I am, unfortunately, not a sports fan. It is difficult to be one of us during this incomprehensible period called the World Cup.
I am, unfortunately, not a sports fan. It is difficult to be one of us during this incomprehensible period called the World Cup. In fact, even when there isn’t a World Cup people always ask: “what’s your team?”I usually answer Team Cullen with a serious expression…I wish more people found that amusing but they instead (sometimes) crack a smile and understand that I cannot, do not and will not (and certainly do not have a desire to) understand football.
I simply cannot comprehend the appeal (you most definitely don’t want to hear the vitriol I can spew out for cricket…what kind of match takes five days? I mean, seriously).
However, this week I have been quite forcefully convinced to watch the football match because England were playing. Ironically, it wasn’t a great match to watch as an England supporter. However, watching men run after a ball for just over ninety minutes made me wonder, where are the women?
I know women’s football exists, but my knowledge of it is limited, or even almost non-existent. Do they have a World Cup? Who’s the female equivalent of Beckham? My knowledge of men’s football is atrocious but what I know about women’s football is worse and it’s definitely not as religiously watched by as many people. Is there a glass ceiling here? Shouldn’t I have an equally rubbish knowledge of both?
It’s a valid argument that generally women’s football isn’t as developed as men’s football and it can be scientifically argued that generally (and only generally, there will always be exceptions) that women are less physically strong than men due to nature (it’s only a sexist viewpoint if men think this makes them innately superior).
However, that doesn’t mean women can’t play football (She’s the Man encapsulates what I am trying to say right now) or that they shouldn’t. However, this goes some way in explaining why women’s football isn’t watched or known about as widely as men’s football.
Either people believe it’s not worth watching because women are less strong and therefore don’t play that well or they are ignorant because how often do we switch on the BBC and see a women’s football match? Not as often as men’s football, that much is certain.
There isn’t really an answer that will solve the problem because of the nature of the problem itself. To resolve it would require women’s football to be steeped in history and tradition in the same way as men’s football. This would result in it being more popular and widely watched and followed, and therefore shown more often on popular channels on television, thus normalising it.
But what can be done now since that hasn’t happened? It’s not possible to force people to watch women’s football and to enjoy it.
The way forward seems to be to make it more accessible in an attempt to normalise it now through exposing people to it. Awareness of the Women’s World Cup would need to be to the same extent as the Men’s World Cup. By doing so would mean more people would develop an interest in women’s football and it would become typical to see it on BBC on television or at the pub.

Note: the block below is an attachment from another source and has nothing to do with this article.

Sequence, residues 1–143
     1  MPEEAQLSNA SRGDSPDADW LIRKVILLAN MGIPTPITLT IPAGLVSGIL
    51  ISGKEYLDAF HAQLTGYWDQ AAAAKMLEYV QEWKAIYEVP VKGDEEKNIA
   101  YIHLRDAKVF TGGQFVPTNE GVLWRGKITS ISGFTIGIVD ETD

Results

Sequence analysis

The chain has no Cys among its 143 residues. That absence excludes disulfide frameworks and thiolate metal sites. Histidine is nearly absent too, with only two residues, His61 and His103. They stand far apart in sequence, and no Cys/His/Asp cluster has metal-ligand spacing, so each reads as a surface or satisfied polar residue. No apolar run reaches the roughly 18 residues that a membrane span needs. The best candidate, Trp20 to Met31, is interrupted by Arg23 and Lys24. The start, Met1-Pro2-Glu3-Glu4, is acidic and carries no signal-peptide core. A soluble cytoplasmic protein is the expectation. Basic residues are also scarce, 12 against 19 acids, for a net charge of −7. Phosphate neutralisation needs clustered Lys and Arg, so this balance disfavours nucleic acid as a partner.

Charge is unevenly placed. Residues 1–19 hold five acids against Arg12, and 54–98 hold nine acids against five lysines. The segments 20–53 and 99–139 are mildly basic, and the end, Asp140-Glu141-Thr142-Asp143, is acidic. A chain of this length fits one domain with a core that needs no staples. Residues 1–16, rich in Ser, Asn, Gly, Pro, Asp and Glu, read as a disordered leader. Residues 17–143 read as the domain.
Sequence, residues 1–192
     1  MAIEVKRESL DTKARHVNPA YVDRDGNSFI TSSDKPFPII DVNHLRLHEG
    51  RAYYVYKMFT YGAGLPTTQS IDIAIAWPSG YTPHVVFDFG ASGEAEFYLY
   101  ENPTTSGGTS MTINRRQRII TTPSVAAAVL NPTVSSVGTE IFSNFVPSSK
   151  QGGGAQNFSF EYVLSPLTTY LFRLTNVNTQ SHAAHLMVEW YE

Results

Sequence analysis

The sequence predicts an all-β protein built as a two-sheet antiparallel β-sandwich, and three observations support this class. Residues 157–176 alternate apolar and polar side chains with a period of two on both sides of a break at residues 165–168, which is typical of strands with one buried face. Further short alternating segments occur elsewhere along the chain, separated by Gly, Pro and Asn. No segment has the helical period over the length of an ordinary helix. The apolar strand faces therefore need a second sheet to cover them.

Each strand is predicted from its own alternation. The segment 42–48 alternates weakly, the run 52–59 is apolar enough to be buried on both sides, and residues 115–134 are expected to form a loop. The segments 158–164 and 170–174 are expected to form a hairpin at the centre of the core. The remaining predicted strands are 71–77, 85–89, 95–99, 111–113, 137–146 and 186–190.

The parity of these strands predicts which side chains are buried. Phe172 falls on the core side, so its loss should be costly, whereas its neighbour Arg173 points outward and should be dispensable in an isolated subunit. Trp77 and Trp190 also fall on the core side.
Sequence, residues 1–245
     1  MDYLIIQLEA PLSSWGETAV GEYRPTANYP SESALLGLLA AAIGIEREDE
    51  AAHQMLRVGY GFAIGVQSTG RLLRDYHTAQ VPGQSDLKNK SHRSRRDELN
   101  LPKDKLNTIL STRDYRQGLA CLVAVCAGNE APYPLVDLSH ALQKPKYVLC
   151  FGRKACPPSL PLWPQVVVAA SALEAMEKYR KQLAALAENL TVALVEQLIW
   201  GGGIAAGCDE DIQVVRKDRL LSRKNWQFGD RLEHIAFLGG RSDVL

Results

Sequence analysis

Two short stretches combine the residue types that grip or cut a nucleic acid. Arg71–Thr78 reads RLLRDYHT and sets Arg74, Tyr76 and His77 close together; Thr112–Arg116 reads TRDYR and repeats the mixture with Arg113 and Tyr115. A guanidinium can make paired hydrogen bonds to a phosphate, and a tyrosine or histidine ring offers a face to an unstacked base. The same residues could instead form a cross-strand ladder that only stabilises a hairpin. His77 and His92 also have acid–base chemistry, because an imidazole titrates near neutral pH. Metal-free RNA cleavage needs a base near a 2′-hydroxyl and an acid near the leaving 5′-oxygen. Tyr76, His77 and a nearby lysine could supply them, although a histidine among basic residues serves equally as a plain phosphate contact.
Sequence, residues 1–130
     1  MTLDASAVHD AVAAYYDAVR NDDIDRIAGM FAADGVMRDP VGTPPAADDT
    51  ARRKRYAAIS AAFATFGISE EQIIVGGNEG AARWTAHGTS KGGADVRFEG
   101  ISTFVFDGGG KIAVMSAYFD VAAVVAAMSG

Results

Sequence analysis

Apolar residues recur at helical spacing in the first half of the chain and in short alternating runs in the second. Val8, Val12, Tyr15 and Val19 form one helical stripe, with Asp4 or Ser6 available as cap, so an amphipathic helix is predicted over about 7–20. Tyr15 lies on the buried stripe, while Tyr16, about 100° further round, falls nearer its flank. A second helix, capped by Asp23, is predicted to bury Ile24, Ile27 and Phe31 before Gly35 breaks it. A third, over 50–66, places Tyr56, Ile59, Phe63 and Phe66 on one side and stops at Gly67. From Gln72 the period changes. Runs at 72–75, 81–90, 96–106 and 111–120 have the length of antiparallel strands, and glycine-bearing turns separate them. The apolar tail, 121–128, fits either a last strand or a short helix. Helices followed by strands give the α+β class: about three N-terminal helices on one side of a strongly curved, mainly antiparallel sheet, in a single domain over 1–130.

Still worth watching?
People will therefore know about it and would choose to watch it. However, whether this change was made or not, it is unlikely that exist attitudes would cease to exist. If normalised I imagine because women’s football has not, up until now, been regarded as highly as men’s football, that some sexist attitudes would prevail.
There would be a better awareness of women’s football, but some may ignore it and deem it not worth watching because they simply don’t think women belong in the world of football, a prime example found with the Andy Gray and Richard Keys’rant in 2011. It is unfortunate because it is reminiscent of the dark ages and a disappointing, backwards perspective. However, there is no doubt that with time and perseverance it can be corrected, after all, cooking was and sometime still is (unfortunately) seen as a women’s territory, yet I think I can name more famous male chefs than female.
However, remaining honest, exposed or not I’m not sure I’d choose to watch women’s football. But that’s acceptable because my response is exactly the same for men’s football. I won’t be watching women’s football, but I won’t be watching men’s football either. It’s not a gender issue for me—it’s a sport one…I’d much rather debate whether or not it’s acceptable to be Team Volturi.
If you’ve no idea what I’m talking about then don’t worry, summer is a great time for you to read the Twilight saga.
What do you think? Do you agree? Have your say in the comments section below.
Image: Simon Fraser University Public Affairs and Media Relations / Wikimedia Commons